Born and raised in California, Ashu began playing the saxophone at age 10. His love for performing quickly became apparent and he began entering various competitions. Ashu has won First Prizes at the International Heida Hermanns Competition, International Kingsville Wind Instrumentalist Competition, National Federation of Music Clubs Competition, National Midland-Odessa Competition, National Lennox/RSO Competition, National George S. Howard Competition, and National Alliance for Excellence Competition. In addition, he has been overall winner of the Houston Symphony, Keweenaw Symphony, Skokie Valley Symphony, and Northwestern University Concerto Competitions. Others awards include overall winner of the American Opera Society Competition, First Prize winner of the WAFA Concerto Competition, winner of the Interlochen Governor's Scholarship, and Grand Prize winner of the Houston Symphony Flores-Smith Competition.

Ashu has toured as concerto soloist with symphony orchestras throughout the world (Vienna Chamber Orchestra, Metropolitan Orchestra of Lisbon, etc.) and has been presented on numerous prestigious recital series, with recent venues including the Vienna Konzerthaus, Kravis Center, and La Jolla Music Society Series. Upcoming engagements include concert tours and performances at music festivals throughout Europe, New Zealand, Australia, the Baltic, and the USA. Ashu received his Bachelor and Master of Music degrees in saxophone performance from Northwestern University and is currently based in the Chicago area. For more information on Ashu, please visit his website at www.ashuonline.com.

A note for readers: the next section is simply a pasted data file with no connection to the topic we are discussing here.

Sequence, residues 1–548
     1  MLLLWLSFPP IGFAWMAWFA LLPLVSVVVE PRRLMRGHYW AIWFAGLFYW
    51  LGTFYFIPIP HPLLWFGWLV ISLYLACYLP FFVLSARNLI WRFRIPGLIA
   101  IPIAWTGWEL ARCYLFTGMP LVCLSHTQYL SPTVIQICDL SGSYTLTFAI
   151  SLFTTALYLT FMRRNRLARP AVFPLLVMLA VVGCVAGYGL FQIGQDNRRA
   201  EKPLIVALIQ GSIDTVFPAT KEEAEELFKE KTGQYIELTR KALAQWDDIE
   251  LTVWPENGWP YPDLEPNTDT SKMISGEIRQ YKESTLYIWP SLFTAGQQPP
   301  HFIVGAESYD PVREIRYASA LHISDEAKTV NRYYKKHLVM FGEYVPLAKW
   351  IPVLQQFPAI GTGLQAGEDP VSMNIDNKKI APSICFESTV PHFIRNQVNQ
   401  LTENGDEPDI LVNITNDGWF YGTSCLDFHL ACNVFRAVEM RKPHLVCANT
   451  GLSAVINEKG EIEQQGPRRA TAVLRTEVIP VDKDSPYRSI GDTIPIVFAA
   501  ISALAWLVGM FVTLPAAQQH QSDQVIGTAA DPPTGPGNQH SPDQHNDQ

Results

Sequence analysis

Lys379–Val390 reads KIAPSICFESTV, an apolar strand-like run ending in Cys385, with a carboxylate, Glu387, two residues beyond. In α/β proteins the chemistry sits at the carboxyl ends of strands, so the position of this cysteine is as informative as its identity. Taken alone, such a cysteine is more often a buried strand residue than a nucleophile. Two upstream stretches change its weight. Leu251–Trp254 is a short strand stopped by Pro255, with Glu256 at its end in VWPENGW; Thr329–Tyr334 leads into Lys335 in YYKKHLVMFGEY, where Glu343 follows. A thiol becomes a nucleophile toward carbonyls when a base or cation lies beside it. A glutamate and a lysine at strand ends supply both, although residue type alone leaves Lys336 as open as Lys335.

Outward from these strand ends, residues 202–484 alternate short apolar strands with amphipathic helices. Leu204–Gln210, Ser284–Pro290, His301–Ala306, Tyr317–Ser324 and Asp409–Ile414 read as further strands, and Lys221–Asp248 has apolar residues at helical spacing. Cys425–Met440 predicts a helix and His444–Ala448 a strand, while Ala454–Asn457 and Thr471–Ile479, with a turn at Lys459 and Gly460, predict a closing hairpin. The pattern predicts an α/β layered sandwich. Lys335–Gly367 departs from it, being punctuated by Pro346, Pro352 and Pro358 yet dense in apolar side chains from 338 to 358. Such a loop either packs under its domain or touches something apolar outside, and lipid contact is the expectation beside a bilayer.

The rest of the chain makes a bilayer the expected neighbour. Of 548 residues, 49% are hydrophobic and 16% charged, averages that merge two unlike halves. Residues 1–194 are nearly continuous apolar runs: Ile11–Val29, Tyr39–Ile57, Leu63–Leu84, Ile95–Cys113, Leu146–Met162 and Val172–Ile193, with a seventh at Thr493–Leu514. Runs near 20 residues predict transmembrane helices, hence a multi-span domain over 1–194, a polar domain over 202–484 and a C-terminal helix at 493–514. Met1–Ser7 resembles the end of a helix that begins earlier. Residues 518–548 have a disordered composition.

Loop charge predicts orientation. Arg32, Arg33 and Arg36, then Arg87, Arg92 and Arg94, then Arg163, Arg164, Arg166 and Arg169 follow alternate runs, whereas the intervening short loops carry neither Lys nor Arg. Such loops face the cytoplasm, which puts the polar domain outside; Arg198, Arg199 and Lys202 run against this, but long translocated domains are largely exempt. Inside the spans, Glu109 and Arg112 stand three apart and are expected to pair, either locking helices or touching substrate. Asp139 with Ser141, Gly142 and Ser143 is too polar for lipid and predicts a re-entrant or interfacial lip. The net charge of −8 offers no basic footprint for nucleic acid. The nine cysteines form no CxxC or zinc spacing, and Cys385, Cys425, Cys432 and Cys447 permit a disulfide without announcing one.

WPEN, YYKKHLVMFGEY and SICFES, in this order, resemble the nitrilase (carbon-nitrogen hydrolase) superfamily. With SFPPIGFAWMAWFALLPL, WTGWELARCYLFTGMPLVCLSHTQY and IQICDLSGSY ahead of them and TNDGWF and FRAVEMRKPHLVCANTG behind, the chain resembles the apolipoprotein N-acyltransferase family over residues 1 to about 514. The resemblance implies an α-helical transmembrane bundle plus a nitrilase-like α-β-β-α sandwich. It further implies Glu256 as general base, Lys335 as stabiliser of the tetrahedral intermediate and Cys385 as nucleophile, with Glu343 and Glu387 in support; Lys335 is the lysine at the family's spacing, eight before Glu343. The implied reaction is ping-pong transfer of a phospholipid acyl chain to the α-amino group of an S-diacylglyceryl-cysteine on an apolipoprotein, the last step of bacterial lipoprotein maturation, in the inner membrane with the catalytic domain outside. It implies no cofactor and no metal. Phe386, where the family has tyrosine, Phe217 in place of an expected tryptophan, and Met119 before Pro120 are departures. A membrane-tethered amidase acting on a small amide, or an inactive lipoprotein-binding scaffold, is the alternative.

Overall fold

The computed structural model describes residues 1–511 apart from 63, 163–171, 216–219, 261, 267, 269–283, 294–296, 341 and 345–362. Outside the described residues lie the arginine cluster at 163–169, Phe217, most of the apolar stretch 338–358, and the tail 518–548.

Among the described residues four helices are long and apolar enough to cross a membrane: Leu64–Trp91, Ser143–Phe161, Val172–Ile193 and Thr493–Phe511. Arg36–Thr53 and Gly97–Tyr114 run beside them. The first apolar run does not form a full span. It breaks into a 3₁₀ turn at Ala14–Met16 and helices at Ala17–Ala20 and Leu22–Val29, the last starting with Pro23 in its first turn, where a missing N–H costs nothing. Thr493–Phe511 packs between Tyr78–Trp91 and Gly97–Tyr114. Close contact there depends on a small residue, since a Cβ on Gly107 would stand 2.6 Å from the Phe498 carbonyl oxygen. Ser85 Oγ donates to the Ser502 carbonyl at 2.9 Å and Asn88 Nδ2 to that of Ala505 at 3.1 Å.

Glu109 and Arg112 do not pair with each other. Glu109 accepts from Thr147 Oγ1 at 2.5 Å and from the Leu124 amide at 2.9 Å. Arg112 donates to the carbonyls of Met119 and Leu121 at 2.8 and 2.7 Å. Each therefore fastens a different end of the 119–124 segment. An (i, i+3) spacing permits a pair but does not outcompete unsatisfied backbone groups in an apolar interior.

Program Notes
By Ashu

Jacques Ibert (1890-1962)
Jacques Ibert was born in Paris and attended the Paris Conservatory. His career was interrupted due to a brief service in the war, but after being demobilized, he wrote one of his most successful works, Escales (Ports of Call) for orchestra. Importantly, Ibert began studying the dramatic arts before turning to music. He believed that music was closely linked to the other arts, and it was simply part of a larger emotional response to all aspects of experience. He considered music to be the "expression of an interior adventure," and never mere pattern-making. He employed the moods and techniques of Impressionism along with the structure of neo-Classicism. Ibert also wrote incidental music for radio and films, including music for Orson Welles' film Macbeth (1948), and the circus scene for Gene Kelly's Invitation to the Dance (1952). In 1935, Ibert composed his Concertino Da Camera for alto saxophone, which is often considered one of the greatest works in the saxophone repertoire.